How will Big Macs blend into Ybor City?
The chain's plan for a drive-through restaurant has some worried that it won't fit the style of the historic neighborhood.
By SUSAN THURSTON, Times Staff Writer
© St. Petersburg Times
published July 26, 2002
Miami had McCubans.
Boston tried McLobster Rolls.
Will Ybor City get McRice and Beans?
"It's pretty unlikely," said Lisa Howard, a spokeswoman for the burger empire.
McDonald's is eyeing a site off Interstate 4 for its first restaurant in Tampa's historic district. The design could reflect Ybor's Latin roots, but the menu probably won't.
"When customers come to McDonald's, they like the consistency of the menu," Howard said.
The world's largest fast-food chain has a proposal before Ybor's architectural review board to build a store on 13th Avenue and 21st Street, across from rival Burger King.
McDonald's would demolish the old Hardee's, which closed in March 2001 because of poor sales.
Many local leaders welcome the addition, provided it blends with the historic neighborhood. Bring on the Big Mac, they say. Tourists and locals demand it.
"A lot of our visitors happen upon us. They don't plan to come here, they just see the signs," said Annette DeLisle, president of the Ybor City Chamber of Commerce. "We want to be competitive with other places that have Burger King and McDonald's."
The Barrio Latino Commission will review the plan Tuesday during a public hearing. McDonald's needs approval of the design and permission for the drive-through window. As with any project with a drive-through in Tampa, the City Council has the final say.
The drive-through request marks the first in years for Ybor, said Del Acosta, Tampa's historic preservation administrator. The area has plenty of chain stores (Subway is opening on 17th Street near Bernini restaurant), but only a couple of drive-throughs.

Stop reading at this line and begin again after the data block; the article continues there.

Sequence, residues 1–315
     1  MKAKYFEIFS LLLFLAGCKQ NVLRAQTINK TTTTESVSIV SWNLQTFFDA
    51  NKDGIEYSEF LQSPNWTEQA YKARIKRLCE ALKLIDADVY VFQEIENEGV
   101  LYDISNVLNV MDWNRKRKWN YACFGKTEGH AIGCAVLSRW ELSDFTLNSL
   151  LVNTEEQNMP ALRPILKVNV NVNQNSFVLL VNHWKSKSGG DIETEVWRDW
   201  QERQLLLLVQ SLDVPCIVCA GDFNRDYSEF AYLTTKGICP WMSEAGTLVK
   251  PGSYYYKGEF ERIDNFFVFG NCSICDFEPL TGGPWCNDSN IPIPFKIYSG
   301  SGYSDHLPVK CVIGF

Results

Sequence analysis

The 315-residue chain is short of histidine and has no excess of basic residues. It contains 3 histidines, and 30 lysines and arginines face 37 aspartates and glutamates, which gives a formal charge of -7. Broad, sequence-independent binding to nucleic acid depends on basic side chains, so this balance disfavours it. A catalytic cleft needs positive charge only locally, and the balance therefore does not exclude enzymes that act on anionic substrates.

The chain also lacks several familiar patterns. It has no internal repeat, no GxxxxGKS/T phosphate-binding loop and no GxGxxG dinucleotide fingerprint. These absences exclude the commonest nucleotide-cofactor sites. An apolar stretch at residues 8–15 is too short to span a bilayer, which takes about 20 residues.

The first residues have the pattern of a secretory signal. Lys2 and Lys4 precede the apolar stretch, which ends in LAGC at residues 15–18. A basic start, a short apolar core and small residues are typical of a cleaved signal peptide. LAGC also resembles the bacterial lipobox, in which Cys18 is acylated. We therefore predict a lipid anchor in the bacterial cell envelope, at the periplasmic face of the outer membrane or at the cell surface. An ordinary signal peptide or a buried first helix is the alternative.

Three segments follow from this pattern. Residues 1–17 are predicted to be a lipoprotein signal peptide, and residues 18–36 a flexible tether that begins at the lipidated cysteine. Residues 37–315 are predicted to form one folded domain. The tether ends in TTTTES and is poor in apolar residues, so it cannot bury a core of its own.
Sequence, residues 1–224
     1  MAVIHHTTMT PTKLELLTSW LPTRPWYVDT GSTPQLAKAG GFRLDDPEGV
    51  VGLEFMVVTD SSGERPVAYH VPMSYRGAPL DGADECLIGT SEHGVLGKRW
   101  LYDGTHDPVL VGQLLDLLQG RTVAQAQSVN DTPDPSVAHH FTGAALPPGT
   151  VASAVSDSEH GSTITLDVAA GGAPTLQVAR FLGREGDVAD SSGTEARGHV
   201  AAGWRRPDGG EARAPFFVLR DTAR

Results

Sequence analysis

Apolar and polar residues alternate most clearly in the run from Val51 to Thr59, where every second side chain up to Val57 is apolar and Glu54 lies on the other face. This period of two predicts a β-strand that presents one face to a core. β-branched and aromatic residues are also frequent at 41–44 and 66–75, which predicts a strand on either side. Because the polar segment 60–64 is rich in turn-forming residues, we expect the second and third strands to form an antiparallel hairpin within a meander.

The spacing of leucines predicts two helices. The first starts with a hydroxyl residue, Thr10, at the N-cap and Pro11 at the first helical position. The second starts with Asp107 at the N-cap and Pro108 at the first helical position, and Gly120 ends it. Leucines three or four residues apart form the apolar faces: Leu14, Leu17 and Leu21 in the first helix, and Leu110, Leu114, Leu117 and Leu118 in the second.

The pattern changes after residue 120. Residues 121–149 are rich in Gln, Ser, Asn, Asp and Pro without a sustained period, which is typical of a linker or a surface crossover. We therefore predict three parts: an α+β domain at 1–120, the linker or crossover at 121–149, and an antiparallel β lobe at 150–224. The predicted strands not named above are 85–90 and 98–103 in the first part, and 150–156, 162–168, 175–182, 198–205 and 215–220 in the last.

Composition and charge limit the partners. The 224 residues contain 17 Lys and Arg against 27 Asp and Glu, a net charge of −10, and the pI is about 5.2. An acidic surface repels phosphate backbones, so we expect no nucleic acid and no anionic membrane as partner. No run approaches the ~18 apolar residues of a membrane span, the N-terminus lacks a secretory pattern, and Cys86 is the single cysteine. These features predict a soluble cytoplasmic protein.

"Our primary concern will be the appearance," he said. "The issue is not whether it's a chain or not. The issue is the drive-through."
Acosta said the McDonald's must meld with Ybor's architecture and meet the historic guidelines. He foresees a plain, brick building with a flat roof, possibly tin, and easy access for customers walking in from the street.
"I think there's a way of doing a drive-through that still satisfies the historic district," he said. "There are historic McDonald's (restaurants) all over the place."
Other people aren't so sure.
Patrick Manteiga, publisher of La Gaceta newspaper based in Ybor City, said cookie-cutter drive-throughs have little place in a historic district. They rely too heavily on cars and stand out like a burger at Chick-fil-A.
He points to the traditional Burger King across the street, which opened before Ybor adopted design guidelines.
"(McDonald's) wants it for the interstate traffic," he said. "They don't want it for Ybor City."
Company officials said they couldn't comment on any new restaurant plans. However, they said they often tweak building designs to accommodate communities. Routinely, they test different menu items and incorporate the big sellers.
The chain has 30,000 outlets in 121 countries.
Vince Pardo, president of the Ybor City Development Corp., said he prefers an urban design, not a suburban one. Instead of putting the building in the center of a circular drive, he wants it up against the street.
"Yes, it's off the interstate, but it's the gateway to Ybor. It's the first impression that people get," he said.
Pardo remains hopeful McDonald's will come up with a design that doesn't clash with the community. His feeling: If Rome has one next to the Spanish Steps, then why shouldn't Tampa have one in Ybor?
"I think it's a challenge, but I think they will be able to satisfy the requirements," he said. "McDonald's are throughout Europe and they blend in quite well."
As for the menu, Pardo has no objection to the traditional fare of burgers, fries and shakes. In Ybor, he doesn't have to go far for a good plate of rice and beans.
-- Susan Thurston can be reached at 226-3394 or email@example.com.
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